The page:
In a lot of American households, money and credit simply aren’t things we discuss at the kitchen table. The discussion usually comes up when our kids ask for something they want but can’t afford or wait until after Christmas; it’s time to change that narrative! Let’s talk about how parents can break the ice by starting an open conversation about what financial responsibilities should look like in your family–and teach teens early on what to do and what not to do.
Before we start talking strategy, take a deep breath and read the statements below out loud.
I CAN raise money-smart children.
I CAN start the money conversation early with my children.
I CAN guide my children to make good money choices.
I CAN help my children avoid money pitfalls and the same mistakes that I made.
Now breathe out…See, that wasn’t so hard, was it? Now we can begin changing our mindset and understanding that having this discussion will empower us as well as our children to think about the very thing we have been running from.
First things first. Now, this is a big one! Yes, we love our children and want to give them the world, but what does that look like? The topic of Wants vs Needs must be addressed. I’m not saying no to everything your child is asking for. I’m simply saying that we must 1) evaluate what they are asking for and why and 2) teach them at a young age by talking through different scenarios. Helping your child understand their priorities with money is important so that they grow up to become a financially savvy individual who will not get in over their heads in debt or other bad money decisions because they don’t understand how things work.
Because of my own childhood experiences, I have tried to make sure that my 13-year-old son doesn’t want for anything. But I also realize that I have to be careful. It is important that he appreciates all of the things we do for him and does not become spoiled or entitled. I have to be the example I want him to follow which means displaying a high level of respect for the money I have been blessed with and modeling how to become a responsible money manager. I have found that the best way to do this is to involve him in the money conversation.
I involve my son in the money conversation by:
Showing him the monthly household bills, the usage, and allowing him to help track due dates.
Asking him about some of the things that he likes to spend money on so I can gauge his interests to use as a speaking point later when needed.
Adding him as a family member on Amazon Prime and connecting his Cash App so he can shop freely for purchases using his allowance or birthday money.
Teaching my son about the value of hard work by showing him how our money is made.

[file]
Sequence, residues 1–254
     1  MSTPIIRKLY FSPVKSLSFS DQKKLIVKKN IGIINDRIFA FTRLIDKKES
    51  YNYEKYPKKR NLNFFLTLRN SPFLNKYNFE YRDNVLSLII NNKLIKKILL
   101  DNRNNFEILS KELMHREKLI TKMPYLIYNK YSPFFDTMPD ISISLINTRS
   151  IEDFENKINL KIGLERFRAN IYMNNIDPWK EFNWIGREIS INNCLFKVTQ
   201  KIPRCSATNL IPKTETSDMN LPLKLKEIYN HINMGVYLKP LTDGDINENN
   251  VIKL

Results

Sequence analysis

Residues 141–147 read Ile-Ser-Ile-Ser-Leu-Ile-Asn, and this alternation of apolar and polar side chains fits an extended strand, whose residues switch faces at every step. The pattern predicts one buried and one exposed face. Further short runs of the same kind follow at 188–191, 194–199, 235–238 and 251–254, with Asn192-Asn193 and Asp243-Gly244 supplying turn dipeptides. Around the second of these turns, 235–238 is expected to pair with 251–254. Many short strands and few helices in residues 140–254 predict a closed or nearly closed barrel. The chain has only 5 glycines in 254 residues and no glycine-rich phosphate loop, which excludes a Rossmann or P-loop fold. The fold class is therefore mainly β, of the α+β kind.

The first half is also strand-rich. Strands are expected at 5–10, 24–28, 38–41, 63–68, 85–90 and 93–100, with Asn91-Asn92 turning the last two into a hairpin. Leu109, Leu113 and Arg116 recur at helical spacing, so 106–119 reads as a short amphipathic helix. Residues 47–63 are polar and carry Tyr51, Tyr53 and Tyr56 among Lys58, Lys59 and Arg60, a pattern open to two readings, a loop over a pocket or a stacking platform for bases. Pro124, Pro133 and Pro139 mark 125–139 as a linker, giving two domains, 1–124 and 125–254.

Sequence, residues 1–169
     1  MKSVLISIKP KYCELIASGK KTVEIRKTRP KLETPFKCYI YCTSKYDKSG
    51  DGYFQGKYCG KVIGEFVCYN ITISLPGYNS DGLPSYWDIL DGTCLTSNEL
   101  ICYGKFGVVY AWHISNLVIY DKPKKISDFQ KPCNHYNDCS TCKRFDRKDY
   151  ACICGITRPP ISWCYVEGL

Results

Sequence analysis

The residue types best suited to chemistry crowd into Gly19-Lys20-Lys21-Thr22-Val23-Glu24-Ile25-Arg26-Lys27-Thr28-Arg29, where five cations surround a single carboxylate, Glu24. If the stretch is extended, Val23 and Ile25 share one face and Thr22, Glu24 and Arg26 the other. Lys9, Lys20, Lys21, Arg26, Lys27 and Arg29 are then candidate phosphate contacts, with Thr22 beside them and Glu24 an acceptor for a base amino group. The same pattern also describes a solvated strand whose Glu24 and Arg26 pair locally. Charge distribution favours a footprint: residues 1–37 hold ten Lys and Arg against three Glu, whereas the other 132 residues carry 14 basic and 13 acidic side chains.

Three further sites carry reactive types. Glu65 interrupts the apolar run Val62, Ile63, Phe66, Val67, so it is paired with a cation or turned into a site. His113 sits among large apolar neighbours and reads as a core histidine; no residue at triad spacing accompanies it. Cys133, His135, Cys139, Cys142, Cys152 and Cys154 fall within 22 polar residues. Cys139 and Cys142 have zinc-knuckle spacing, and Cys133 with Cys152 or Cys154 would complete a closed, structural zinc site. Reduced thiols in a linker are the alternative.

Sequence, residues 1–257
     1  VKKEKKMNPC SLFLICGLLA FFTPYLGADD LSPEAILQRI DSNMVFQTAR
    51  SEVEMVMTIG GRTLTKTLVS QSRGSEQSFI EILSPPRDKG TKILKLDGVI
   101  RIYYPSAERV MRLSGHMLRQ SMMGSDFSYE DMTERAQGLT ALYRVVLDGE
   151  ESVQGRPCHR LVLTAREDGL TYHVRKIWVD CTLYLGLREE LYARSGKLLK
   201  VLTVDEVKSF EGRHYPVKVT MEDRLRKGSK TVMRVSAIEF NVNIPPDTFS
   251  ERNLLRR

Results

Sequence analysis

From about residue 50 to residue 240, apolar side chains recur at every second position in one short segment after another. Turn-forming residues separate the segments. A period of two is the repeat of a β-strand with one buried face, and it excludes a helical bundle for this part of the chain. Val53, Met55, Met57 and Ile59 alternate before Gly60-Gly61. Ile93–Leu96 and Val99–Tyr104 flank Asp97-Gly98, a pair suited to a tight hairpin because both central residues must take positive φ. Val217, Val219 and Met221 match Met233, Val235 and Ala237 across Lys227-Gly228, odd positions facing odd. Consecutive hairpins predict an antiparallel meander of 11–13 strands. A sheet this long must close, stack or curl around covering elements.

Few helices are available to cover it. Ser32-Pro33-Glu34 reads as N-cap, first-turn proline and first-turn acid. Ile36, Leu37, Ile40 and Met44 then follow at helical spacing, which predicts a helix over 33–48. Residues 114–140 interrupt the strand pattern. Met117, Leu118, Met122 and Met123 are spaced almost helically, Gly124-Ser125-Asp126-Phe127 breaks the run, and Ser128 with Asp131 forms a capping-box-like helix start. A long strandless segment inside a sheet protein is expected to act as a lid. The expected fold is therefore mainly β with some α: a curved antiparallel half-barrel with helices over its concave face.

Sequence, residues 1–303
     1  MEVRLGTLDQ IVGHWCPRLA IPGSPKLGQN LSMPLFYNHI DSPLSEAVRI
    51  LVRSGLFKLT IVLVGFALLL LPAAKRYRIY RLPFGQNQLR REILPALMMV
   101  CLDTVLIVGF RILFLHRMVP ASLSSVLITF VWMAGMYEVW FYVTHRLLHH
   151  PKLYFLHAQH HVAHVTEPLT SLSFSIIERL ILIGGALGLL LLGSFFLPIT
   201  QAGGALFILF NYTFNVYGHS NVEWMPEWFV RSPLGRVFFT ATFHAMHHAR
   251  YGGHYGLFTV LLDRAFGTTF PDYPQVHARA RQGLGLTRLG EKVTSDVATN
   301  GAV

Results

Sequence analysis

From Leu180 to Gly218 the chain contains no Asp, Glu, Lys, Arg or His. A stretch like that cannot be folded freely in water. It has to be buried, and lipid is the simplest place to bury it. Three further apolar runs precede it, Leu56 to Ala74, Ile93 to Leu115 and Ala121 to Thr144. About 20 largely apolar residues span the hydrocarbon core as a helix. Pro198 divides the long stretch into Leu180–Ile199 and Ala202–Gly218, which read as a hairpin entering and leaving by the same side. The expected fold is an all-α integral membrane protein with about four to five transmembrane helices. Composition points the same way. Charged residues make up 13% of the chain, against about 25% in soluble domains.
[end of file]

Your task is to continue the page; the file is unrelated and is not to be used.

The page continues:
Encouraging him to earn money outside the house.
Opening a savings account in his name.
Extending allowance to twice a month on a card.
Teaching him the difference between cash versus credit.
How you handle money is a powerful message for your teens. Your children are watching you and are more likely to do what they see, not what you say. This has been true for thousands of years so it’s important that you set an example by modeling the attitudes that you want your children to have toward money. Demonstrate the “value” of money and teach them the habit of giving, and speak openly about money in general with your children.
Next, ensure that your children have money of their own.
Allowance for household chores or a set amount per week. Other money from gifts/birthdays provides extra funds.
Periodic jobs for older children to earn cash (mowing lawns, babysitting, etc.)
Ask your child if they have an idea for a part-time business. If so, map out a business plan to show your child that you really care about their vision. Help them advertise, develop good business habits, work ethic, personal appearance, and bookkeeping.
Here’s how you can create the perfect system for your family:
Pick a “payday” and stick to it.
Give younger children a weekly allowance; teach teens budgeting with a monthly payout.
Decide what the money will cover — lunch, clothes, or spending money?
Use small denominations for younger kids to teach saving, giving, and spending.
Offer guidance, but, ultimately, let children decide how to handle their money.
Use money mistakes as learning opportunities.
Now that you have the tools to talk with your kids about money, it’s time for some of these conversations. It is important to take the time now, when our children are still young and impressionable, to have open conversations with them about their future. If you want your kids to grow up feeling capable of handling money or any other adult topic that comes along down the line, it’s best not to wait. Instead, start incorporating financial literacy lessons as early as possible so this information becomes a natural extension of what they know later on in life. Do you agree? What types of questions do you think would be helpful at different stages in your child’s development? Please share them below so we can all learn from each other.
Tamra T. Bush is a woman of God, wife, and mother who takes great pride in being an instrument of change for others. Her deep knowledge and over two decades of experience in the financial industry have made her an invaluable asset to families that want a better life. She's passionate about empowering families so they can have the economic foundation necessary to look towards their future with confidence and build a legacy. Tamra understands that this isn't just a matter of money, but also resources, strategy, communication, and support systems for when things get tough. That’s why she strives to make a difference on both sides by providing education while helping families communicate more openly with one another. Connect with Tamra on Instagram, Facebook, and Twitter.